Lessons from Ancient Indian Atheism

| by Luke Muehlhauser

There were apparently many anti-superstitious atheists in ancient India. (I wrote of Ajita Kesakambali earlier.) Mostly, we know of them through their religious critics in Indian scripture.

One such passage is known a Payasi Suttanta, from perhaps the 6th century B.C. In it, a holy man, Master Kassapa, confronts an unbeliever, Payasi, about his non-belief in dualism, reincarnation, and karma:

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Now at that time there came over Payasi an evil view of things, to this effect: “Neither is there any other world, nor are there beings reborn otherwise than from parents, nor is there fruit or results of deeds, well done or ill done.”

Notice right away that Payasi’s doubt about dualism, reincarnation, and karma are attributed to “evil” rather than thinking or reasons. It will remind Westerners of ancient Israelite scriptures which attribute non-belief to evil and corruption. Or, in philosophical parlance, the “noetic effects of sin.”

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Still, Payasi is given a chance to give his reasons for doubt. Master Kassapa asks:

Have you… any proof to establish that [another realm, reincarnation, and karma] do not exist?

Note again the similarity to the Christian/Muslim tradition. Rather than expecting to prove his claim that there is truth to dualism, reincarnation, and karma, the holy man asks Payasi to prove they are false. One wishes Payasi would have protested, but he does not.

First, Payasi says he knew some very evil men and some very good men and he got them to promise that if they died and were reborn in a lower or higher state they would go and tell Payasi about it so he would know that what the holy men said was true. But nobody has come and told him. Payasi thinks this is evidence against reincarnation and karma.

Master Kassapa replies with the ad hoc hypothesis that there are keepers of the “other world” who do not allow reincarnated persons to tell anyone of their experiences after death. He concludes:

Be this exposition a proof to you… that these things exist.

The ad hoc hypothesis is rather silly, as is the claim that this possibility proves that reincarnation is true. But hey, it’s ancient religious text. Par for the course.


Next, Payasi says he knows many holy men who live good lives believe in dualism, reincarnation, and karma. But if they believe their life after death will be so much better than their life on Earth, then why do they not kill themselves? Payasi concludes that even holy men do not believe there is life after death. (Or as Doug Stanhope put it, “If you really believe that death leads to eternal bliss, then why are you wearing a seatbelt?”)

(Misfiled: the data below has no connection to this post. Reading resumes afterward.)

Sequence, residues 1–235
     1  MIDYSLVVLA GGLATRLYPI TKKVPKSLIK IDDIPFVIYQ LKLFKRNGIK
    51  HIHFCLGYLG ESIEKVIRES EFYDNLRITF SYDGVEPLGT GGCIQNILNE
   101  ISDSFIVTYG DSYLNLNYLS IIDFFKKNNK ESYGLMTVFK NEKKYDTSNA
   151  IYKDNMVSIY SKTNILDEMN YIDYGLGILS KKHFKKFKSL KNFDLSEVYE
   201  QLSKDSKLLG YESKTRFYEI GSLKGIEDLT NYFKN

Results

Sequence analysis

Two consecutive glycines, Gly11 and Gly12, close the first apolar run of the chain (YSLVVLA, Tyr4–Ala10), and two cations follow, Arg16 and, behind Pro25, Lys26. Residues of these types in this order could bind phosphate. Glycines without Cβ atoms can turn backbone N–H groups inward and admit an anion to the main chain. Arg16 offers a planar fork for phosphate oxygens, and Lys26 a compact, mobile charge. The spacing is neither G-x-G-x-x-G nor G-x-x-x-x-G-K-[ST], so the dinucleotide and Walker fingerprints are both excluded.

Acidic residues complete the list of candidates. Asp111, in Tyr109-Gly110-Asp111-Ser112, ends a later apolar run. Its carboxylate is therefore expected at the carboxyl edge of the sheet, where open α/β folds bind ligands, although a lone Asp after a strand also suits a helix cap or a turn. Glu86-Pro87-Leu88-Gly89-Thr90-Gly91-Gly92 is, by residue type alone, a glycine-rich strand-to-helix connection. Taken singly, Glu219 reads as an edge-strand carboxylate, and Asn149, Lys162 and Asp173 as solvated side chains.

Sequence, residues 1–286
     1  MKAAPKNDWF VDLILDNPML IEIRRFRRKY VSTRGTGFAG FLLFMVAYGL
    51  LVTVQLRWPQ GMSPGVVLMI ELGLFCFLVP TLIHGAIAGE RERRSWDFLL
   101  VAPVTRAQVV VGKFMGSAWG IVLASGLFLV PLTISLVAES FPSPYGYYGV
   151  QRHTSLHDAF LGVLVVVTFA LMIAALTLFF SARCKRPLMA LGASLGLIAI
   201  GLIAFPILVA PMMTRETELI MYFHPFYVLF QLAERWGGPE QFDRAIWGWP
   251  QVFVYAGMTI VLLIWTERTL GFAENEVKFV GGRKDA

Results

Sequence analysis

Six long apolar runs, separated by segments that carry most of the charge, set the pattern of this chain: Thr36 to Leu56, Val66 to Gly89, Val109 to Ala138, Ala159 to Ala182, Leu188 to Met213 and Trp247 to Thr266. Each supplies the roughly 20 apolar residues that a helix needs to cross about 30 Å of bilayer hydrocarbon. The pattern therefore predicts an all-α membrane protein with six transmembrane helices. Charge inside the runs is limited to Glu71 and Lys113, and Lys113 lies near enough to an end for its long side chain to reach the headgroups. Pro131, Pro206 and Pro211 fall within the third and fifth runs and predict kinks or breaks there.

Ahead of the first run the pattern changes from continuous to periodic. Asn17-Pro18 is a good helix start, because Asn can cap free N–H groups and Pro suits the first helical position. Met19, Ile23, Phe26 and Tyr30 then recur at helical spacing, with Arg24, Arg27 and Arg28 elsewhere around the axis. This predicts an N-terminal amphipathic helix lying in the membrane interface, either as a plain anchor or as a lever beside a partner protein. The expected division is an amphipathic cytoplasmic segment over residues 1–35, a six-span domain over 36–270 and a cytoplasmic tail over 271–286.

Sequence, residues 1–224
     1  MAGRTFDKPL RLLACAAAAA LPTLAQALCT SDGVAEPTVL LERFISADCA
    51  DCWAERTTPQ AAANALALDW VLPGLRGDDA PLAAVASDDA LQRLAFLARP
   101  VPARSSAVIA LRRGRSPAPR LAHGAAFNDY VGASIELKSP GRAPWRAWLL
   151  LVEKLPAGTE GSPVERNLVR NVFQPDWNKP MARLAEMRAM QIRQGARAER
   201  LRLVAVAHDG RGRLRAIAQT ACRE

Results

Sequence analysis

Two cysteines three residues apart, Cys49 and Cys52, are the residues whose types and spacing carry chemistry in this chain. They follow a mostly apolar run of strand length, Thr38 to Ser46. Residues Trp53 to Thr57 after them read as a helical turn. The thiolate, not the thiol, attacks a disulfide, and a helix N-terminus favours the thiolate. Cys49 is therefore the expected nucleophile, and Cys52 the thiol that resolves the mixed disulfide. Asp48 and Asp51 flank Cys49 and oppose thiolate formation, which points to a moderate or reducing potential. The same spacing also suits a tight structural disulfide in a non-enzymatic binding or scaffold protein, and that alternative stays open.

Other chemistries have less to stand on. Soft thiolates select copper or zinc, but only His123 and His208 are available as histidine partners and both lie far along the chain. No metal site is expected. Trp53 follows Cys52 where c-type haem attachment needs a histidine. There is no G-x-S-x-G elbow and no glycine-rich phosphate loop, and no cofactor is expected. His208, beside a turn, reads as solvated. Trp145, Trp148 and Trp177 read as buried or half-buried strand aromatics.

Master Kassapa gives an astonishing reply, something to the effect of “You are foolish and evil, so you wouldn’t understand.” (Kassapa calls Payasi ‘Prince’.)

Once upon a time, Prince, there was a brahmin who had two wives. By one he had a son, ten or twelve years of age; the other was pregnant and near her time. Then the brahmin died. Now the boy said to his mother’s co-wife: “Whatever treasure there is, lady, or grain, or silver, or gold, all that is mine. There is nothing here for you whatever; make over to me lady, the heritage of my father!”

Then the [co-wife] made answer to him: “Wait, my lad, till my child is born. If it will be a boy, one portion shall be his; if a girl, she shall wait on you.”

But the boy reiterated his claim again and yet again. Then the [co-wife], taking a sword… ripped up her belly, saying, “If I can only find out whether it is a boy or a girl!” Thus did she destroy both her own life and her unborn infant and her wealth also, through the foolish and thoughtless way in which, seeking a heritage, she met with ruin and disaster.

Even so you, Prince, foolish and thoughtless that you are, will meet with ruin and disaster by seeking, without wisdom, another world. Moral and virtuous… brahmins do not force maturity on that which is unripe; they, being wise, wait for that maturity. The virtuous have need of their life. In proportion to the length of time such men abide here, is the abundant merit that they produce and accomplish for many…

Let this be a proof to you, Prince, that there is another world, that there is rebirth [and] that there is fruit and result of deeds well and ill-done.

Wowza. So non-believers are just too stupid to understand – as stupid as a pregnant woman who cuts herself open to discover the sex of her unborn child.

Next, Payasi suggests they could put a live man into a large jar and seal it with leather and cement, then put it in a fire so the man roasts to death inside. Then they could take the jar out of the fire and uncover the top, and if they see no soul escape, this would show there is no soul.

Master Kassapa replies that souls are invisible, so this would prove nothing.

So… yeah.

We’re still playing the same game, 2500 years later.